Macon Resources responds that, even if Baker and Cross are objectively similar, it permissibly treated Baker more harshly because the director believed it significant that only Baker “witnessed” abuse. But Baker replies that the professed reliance on witnessing is pretextual. Although this issue is a close call, for two reasons we agree with Baker that the evidence construed in her favor can allow a jury to find pretext.

First, a jury may reasonably infer pretext from flagrant inaccuracies or inconsistencies in an employer's proffered reason for an employment decision. See Mullin v. Temco Machinery, Inc., 732 F.3d 772, 778–80 (7th Cir.2013); Hobgood, 731 F.3d at 647–48. Here, the director's asserted reliance on Cross not “witnessing” abuse to justify his lenient treatment of her is inconsistent with the policy that he invokes, the Inspector General's Report on which he relies, and his other testimony. The director testified that when he decided on discipline he relied on the company's reporting policy and the Inspector General's report. The company's policy requires that staff must report abuse, not only when they “witness” it, but equally when they have “reason to believe” or have been “told of” it. And from the Inspector General's report, the director knew that Cross had both reason to believe and was told that Carter sexually abused a resident: It recounts that Cross suspected Carter of abuse, that she saw the resident point to his genitals and then gesture toward Carter, and that Carter said that he “pulled it.” Even if the director believed that Cross's suspicions were as weak as a mere rumor, he also testified that a failure to report “even rumors” is a “serious offense.” Construing this evidence in Baker's favor, we conclude that the record allows an inference that the director viewed Cross's silence about her suspicions of Carter's sexual abuse as an offense just as serious as Baker's. See Coleman, 667 F.3d at 851 (finding evidence of pretext in employer's attempt to distinguish between two coworkers, both of whom displayed tendency toward violence).

Second, selective enforcement or investigation of a disciplinary policy can also show pretext, Coleman, 667 F.3d at 857–58; Chaney v. Plainfield Healthcare Ctr., 612 F.3d 908, 915–16 (7th Cir.2010), and the record contains evidence of that, too. The manager who oversaw Baker's disciplinary meeting learned that she told her supervisors about the flicking. But the company has never investigated those supervisors for their inaction. Nor has it offered a reason why, at the same time it fired Baker for failing to report the flicking, it chose not to investigate whether her own supervisors violated the same reporting rule. Instead, the director merely notes that because he is four years older than Baker, an inference of discrimination is implausible. But the Supreme Court has held that “it would be unwise to presume as a matter of law that human beings of one definable group will not discriminate against other members of their group.” Oncale v. Sundowner Offshore Servs., Inc., 523 U.S. 75, 78, 118 S.Ct. 998, 140 L.Ed.2d 201 (1998), quoting Castraneda v. Partida, 430 U.S. 482, 499, 97 S.Ct. 1272, 51 L.Ed.2d 498 (1977). Any inferences about the director's motivations here are for the trier of fact.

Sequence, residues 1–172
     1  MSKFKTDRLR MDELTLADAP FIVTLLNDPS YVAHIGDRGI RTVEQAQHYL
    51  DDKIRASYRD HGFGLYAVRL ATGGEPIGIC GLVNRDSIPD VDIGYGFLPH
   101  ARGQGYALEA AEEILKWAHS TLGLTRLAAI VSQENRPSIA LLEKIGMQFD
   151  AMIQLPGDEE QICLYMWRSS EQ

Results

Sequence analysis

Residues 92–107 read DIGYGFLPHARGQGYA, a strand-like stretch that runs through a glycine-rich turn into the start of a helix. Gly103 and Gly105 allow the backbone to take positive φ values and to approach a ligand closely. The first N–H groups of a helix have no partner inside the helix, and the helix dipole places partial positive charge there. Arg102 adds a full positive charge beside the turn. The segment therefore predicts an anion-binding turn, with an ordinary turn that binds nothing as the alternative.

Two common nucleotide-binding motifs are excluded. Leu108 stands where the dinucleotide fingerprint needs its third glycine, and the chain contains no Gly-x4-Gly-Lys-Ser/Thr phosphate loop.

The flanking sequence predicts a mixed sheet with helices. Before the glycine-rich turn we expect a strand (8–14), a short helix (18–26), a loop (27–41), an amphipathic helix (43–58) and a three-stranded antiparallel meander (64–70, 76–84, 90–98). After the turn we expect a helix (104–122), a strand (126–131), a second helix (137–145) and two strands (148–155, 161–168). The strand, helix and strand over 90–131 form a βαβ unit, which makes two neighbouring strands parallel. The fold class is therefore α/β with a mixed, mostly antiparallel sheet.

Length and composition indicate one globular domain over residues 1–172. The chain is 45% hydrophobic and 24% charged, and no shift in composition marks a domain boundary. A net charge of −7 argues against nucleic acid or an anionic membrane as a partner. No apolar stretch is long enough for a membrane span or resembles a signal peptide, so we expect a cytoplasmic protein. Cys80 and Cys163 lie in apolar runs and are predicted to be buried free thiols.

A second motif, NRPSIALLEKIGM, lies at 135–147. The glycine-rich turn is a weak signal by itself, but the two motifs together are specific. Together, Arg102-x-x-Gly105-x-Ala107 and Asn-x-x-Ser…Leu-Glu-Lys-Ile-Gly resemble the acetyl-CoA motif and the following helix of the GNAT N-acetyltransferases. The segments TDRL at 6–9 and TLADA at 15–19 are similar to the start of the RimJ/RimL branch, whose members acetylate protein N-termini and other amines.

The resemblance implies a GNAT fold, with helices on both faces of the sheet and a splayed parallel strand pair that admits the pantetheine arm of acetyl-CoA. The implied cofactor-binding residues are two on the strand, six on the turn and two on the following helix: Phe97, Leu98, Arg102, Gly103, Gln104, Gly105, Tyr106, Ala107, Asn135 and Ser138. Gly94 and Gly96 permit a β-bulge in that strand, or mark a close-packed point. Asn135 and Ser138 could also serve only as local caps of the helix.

We conclude that the selective enforcement of Macon Resources's reporting policy, combined with the inconsistencies in distinguishing Baker from Cross, can support pretext. This pretext evidence could lead a jury reasonably to believe that age is the true reason that it fired Baker but retained the younger Cross after both violated the same company rule. See Reeves v. Sanderson Plumbing Prods., Inc., 530 U.S. 133, 147, 120 S.Ct. 2097, 147 L.Ed.2d 105 (2000) (“Proof that the defendant's explanation is unworthy of credence is ․ probative of intentional discrimination, and it may be quite persuasive.”); Filar v. Bd. of Educ. of City of Chi., 526 F.3d 1054, 1064–65 (7th Cir.2008) (“Because the only salient difference between [the plaintiff] and the younger teachers was age, a jury could conclude that age motivated [the employer's] decisions.”). Accordingly, the case must be tried.

Reversed and Remanded.

PER CURIAM.